By designating Personal Microbiome Health a Research Priority Area, the UvA aims to create a cutting-edge, interdisciplinary research initiative in the complex field of microbiome science. This network will bring together existing expertise on the oral and gut microbiome with broader expertise in public health, social and behavioural sciences, and complexity and data science.
The human microbiome consists of about 100 trillion microbes, which live in our oral cavity, in our gut, on our skin and in other locations in or on our body. Our microbiome is highly personalised, shaped from birth and influenced by a combination of genetic, immunological, cultural, socio-economic, behavioural and environmental factors.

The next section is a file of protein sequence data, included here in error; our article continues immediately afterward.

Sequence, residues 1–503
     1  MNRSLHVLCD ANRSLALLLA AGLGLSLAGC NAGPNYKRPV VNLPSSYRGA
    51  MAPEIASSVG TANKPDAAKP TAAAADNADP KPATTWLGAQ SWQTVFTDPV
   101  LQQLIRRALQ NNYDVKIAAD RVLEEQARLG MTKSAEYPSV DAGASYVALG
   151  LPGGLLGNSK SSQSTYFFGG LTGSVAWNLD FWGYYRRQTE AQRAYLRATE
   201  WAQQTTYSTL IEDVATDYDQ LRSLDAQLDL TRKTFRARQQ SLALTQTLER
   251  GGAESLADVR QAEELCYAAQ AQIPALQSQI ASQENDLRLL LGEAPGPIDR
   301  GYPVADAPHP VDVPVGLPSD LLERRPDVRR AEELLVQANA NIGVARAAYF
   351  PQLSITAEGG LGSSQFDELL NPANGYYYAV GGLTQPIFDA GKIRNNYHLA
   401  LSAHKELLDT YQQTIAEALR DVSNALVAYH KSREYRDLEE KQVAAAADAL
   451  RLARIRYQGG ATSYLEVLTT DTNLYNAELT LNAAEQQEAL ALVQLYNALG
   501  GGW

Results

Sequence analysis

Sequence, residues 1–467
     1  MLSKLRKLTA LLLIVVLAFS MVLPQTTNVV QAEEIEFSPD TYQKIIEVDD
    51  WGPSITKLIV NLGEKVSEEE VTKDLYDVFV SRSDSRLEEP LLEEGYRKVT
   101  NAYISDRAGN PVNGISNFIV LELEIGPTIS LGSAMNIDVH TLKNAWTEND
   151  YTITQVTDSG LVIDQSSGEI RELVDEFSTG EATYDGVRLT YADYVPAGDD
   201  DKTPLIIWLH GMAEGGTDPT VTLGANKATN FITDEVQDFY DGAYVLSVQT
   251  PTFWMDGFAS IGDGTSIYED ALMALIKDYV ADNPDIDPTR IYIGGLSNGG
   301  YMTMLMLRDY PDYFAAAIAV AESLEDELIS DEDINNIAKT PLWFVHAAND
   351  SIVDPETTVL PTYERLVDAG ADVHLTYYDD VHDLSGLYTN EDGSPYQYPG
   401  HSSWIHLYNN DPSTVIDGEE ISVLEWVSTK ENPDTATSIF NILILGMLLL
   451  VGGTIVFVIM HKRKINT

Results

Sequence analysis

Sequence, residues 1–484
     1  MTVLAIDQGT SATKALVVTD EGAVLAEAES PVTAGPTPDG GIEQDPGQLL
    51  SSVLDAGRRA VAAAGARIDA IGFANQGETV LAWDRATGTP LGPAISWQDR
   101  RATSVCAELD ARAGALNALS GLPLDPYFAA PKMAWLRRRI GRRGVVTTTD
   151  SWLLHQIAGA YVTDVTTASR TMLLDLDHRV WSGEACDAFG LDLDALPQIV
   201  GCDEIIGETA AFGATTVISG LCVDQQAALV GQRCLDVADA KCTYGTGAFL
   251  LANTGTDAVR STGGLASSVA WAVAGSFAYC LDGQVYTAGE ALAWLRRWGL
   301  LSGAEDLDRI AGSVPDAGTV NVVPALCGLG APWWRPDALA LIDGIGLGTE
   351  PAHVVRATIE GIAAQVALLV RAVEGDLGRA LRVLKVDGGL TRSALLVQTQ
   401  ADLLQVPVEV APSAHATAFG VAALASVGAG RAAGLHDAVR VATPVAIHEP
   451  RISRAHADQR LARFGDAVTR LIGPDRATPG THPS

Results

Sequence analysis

Given all these factors, maintaining microbiome health is both complex and personal. If there is a microbial imbalance in the gut or oral cavity, it has an impact on the entire body and can have severe consequences for overall health.
Understanding the complex interactions between the human host, the microbiome and the environment is therefore key to maintaining health and preventing disease.
This Research Priority Area aims to integrate and expand the UvA’s broad expertise – in fields ranging from oral and gut microbiome science to public health, social and behavioural sciences and data science – and apply it to health and disease prevention. In doing so, the UvA hopes to become a key player, nationally and internationally, in microbiome science, and to contribute new knowledge to the emerging field of personalised medicine.
Dr Rob Exterkate